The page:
23 February 2009 - 9 Comments
Intel has been at the forefront of producing hardware for netbooks and other mobile devices thanks to their Atom processor family, but they are also looking at being a key part of the mobile software ecosystem. Back in 2007 we witnessed the launch of the Moblin project, which is Intel's open-source venture for creating a complete stack of software for these mobile devices. Originally, the Moblin core was based upon Ubuntu, but Intel ended up rebasing off Fedora last year and they have been preparing for the second version of their core operating system. Just this week they released Moblin V2 Core Alpha, which we are looking at in this article. Specifically, we are looking at how fast this Intel software is able to boot!
27 January 2009
While there are many different netbooks on the market, one of the models that has been selling quite well and is popular with many enthusiasts is the IdeaPad S10 from Lenovo. The Lenovo IdeaPad S10 can be customized, but is equipped with an Intel Atom N270 processor, a 10.2" anti-glare display, and Broadcom 802.11b/g WiFi. In this latest Phoronix article we are looking at the Lenovo IdeaPad S10 along with providing some Linux-based benchmarks.
26 January 2009 - 18 Comments
As we shared last month, at Phoronix we will begin delivering reviews of retail netbooks and notebooks with all testing (of course) being done under Linux. Earlier this month we looked at the Samsung NC10 Netbook and are in the process of working on a few other reviews currently, but in this review we are looking at Dell's Inspiron 1525 notebook.
13 January 2009 - 10 Comments
Fifteen months ago we exclusively showed off SplashTop from DeviceVM, which was an instant-on Linux environment embedded into ASUS motherboards and since then it has worked its way into products from other OEMs. DeviceVM continues to work on further refining SplashTop by adding in virtualization support and other features, along with a promised developer SDK. Phoenix Technologies, the company producing the BIOSes for many of the motherboards on the market, is today introducing their SplashTop competitor. HyperSpace is the Phoenix Technologies product being unveiled this morning with several distinct differences from SplashTop.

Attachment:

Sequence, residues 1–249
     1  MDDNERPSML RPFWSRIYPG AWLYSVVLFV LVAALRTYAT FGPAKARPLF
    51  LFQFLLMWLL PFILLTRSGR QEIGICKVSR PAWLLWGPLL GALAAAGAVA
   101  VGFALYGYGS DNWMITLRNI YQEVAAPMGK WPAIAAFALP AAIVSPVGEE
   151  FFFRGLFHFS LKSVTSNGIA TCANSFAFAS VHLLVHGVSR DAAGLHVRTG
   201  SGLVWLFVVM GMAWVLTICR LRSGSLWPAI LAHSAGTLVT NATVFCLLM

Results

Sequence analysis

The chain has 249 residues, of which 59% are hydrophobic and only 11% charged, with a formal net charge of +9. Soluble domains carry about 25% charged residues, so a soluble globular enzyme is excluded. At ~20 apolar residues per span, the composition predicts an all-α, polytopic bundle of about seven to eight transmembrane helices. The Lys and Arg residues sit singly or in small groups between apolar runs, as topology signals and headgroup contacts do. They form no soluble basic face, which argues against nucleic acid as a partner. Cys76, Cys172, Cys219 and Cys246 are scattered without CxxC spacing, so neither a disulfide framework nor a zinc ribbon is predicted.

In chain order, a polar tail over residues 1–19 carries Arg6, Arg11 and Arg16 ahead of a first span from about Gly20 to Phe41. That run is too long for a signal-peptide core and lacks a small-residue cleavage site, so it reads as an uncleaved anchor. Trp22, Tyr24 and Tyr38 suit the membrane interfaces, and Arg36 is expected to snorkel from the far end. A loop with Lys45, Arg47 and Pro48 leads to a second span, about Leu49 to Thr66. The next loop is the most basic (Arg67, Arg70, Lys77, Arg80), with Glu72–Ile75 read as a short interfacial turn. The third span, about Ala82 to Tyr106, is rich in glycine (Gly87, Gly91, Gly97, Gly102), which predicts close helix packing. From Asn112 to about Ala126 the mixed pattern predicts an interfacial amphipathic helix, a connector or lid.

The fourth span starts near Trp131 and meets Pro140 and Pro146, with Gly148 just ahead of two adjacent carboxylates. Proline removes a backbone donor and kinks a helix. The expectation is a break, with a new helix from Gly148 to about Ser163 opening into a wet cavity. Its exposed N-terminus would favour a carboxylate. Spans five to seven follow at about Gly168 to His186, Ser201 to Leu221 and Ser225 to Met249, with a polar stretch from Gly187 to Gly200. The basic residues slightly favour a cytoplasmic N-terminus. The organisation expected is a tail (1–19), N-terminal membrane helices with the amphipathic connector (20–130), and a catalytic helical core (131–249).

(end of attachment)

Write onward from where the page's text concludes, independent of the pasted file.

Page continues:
6 January 2009 - 8 Comments
It seems that each and every week there are new netbooks that are introduced, but there are not many differences between most models. Some netbooks will have a slightly longer battery life, a different exterior, or a solid-state drive, but there are more similarities than differences. However, one of the latest companies to join the netbook bandwagon here in the United States has been Samsung with the introduction of the NC10. Is there anything special about this 10.2-inch Atom-powered netbook? We will tell you in this Linux review of the Samsung NC10.
4 January 2009 - 26 Comments
With the Atom-based ASUS Eee PC 901 we have already delivered disk encryption benchmarks and a Linux distribution comparison of Xandros, Fedora, Ubuntu, and Mandriva. This Intel 1.6GHz Diamondville processor isn't the fastest, but it's performing quite well for a netbook. With netbooks and their users often on the go though, for those not using the suspend and resume mode the boot time can be equally important as the in-desktop performance. To look at this we are delivering boot performance benchmarks for the Eee PC 901 from Fedora 9, Fedora 10, Ubuntu 8.10, and Mandriva 2009.
25 September 2008 - 6 Comments